Aloha Spirit

Aloha Spirit

the aloha spirit

He ‘Olina Leo Ka Ke Aloha – Joy is in the voice of love.

As much as the world loves Hawai’i for its natural beauty, most of its treasure lies with its community. Hawai’i is one of the world’s best examples of a melting pot, and many people here have ten or more ethnicities in their family tree. The original Hawaiian culture, which goes back more than a thousand years- and perhaps forever- sustains us. In fact, the culture has never been more alive since the time of contact with the West, when Captain Cook behaved badly and was killed and eaten (sort of) for his trouble. Things only went downhill for the Hawaiian after that.

Cook’s legacy includes the disease he brought to Hawai’i: the epidemics of measles, tuberculosis, syphilis, and even the common cold (which drowned Hawaiians, the best of swimmers, who were frantic to cool off their fevers). Then came leprosy, bubonic plague, and smallpox. By the time the diseases had run their course, the population of native Hawaiians had been decimated, from about a million at the time of contact in 1779, to just 45,000 at the time of the first Hawaiian census in 1845.

Not to be outdone, the missionaries took all the remaining fun out of being Hawaiian. They banned the hula and forbade Hawaiian schoolchildren to speak their own language. A certain sea captain (may he rot) added to their misery by sloshing ashore on Maui a barrel of mosquito-infested water that he had brought from Central America, as payback to the chiefs who had forbidden their women to socialize with his whalers.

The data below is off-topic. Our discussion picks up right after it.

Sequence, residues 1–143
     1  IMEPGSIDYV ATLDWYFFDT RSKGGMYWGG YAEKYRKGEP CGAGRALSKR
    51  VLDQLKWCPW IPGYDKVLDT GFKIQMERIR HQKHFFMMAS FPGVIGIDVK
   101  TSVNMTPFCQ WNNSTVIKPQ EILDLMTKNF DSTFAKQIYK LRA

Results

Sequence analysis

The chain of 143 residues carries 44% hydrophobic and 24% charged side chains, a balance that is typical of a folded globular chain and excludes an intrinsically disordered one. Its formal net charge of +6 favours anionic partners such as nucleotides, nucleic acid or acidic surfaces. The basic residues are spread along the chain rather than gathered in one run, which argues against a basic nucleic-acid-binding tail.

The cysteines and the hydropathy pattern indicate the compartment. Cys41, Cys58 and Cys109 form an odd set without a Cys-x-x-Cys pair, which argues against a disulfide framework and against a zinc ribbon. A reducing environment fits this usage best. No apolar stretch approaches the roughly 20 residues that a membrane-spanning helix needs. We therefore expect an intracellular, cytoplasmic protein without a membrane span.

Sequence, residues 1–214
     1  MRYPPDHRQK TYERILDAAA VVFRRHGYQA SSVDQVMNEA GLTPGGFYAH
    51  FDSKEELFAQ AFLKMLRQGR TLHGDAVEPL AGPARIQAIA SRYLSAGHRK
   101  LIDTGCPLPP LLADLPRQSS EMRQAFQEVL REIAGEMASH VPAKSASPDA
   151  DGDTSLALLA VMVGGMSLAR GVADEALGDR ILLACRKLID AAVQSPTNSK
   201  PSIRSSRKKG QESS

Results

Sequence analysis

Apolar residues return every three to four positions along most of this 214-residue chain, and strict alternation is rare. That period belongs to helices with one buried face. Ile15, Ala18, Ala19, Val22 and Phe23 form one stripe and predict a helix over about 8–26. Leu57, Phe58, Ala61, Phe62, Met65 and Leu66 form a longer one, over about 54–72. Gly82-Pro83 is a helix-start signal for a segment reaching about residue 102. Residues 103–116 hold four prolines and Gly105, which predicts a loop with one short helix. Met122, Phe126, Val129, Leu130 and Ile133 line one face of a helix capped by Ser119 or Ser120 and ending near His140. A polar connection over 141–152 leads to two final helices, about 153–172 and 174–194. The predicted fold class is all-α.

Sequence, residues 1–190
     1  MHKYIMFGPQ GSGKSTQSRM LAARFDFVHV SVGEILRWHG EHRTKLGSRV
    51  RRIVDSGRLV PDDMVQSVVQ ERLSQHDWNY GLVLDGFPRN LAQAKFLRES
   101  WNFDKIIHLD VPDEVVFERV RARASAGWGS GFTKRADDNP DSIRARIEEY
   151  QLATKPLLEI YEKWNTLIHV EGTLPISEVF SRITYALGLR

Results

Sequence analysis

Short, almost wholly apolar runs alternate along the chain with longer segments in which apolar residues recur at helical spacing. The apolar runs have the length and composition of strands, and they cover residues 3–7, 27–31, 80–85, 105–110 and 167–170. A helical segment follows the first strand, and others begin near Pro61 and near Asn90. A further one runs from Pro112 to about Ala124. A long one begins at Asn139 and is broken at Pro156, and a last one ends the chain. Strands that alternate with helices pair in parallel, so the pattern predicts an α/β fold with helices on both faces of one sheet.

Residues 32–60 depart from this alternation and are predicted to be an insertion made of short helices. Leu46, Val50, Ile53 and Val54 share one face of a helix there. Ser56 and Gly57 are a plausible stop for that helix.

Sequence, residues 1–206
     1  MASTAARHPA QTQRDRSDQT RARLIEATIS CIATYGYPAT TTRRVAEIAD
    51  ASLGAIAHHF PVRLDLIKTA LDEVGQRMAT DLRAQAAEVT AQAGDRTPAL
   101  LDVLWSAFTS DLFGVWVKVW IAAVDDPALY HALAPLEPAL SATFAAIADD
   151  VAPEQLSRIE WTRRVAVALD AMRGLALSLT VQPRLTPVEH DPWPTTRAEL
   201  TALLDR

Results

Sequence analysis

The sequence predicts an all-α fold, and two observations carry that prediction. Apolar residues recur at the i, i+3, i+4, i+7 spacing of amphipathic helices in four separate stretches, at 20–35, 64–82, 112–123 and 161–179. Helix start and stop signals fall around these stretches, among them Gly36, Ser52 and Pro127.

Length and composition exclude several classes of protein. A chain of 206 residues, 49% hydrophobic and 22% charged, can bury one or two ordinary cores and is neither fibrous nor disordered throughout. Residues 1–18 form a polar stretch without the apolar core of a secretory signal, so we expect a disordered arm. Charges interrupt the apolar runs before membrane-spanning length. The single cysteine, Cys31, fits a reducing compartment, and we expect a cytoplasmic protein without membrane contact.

As Hawaiians began to die out, fewer and fewer of them were available and willing to do the brutal work of cutting sugar cane on the plantations. They weren’t lazy. In fact, the only fat people in olden times were the royalty, whose corpulence symbolized their gravitas. But the idea of working for cash was alien to a people that had little experience with money, and for whom hard work had been largely a labor of love.

Given the labor shortage, the government of Hawai’i imported workers from throughout the Pacific: Okinawa and Japan, Korea, the Philippines, and China, even Portugal and Puerto Rico. These immigrants seeded the polyglot melting pot of modern Hawai’i. During the five generations that have transpired since, the many cultures of the Pacific and the world at large have taken root in the Hawaiian bedrock and intertwined to produce countless new iterations of the aloha spirit.

Only about 7,000 pure-blooded Hawaiians remain, but their race and culture are perpetuated by more than a quarter-million part-Hawaiians here and a half-million nation-wide. The decimation of their race has made it more urgent for Hawaiians to find their political voice and perpetuate native Hawaiian culture, for their values, beliefs, and practices are the bedrock of our community and the aloha spirit.

Anything goes here… in good directions.

Untold treasures await you in The Great Hawaiian Bazaar!

If you have a taste for history, we invite you to WisdomMaps: The Future of the Past!

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the aloha spirit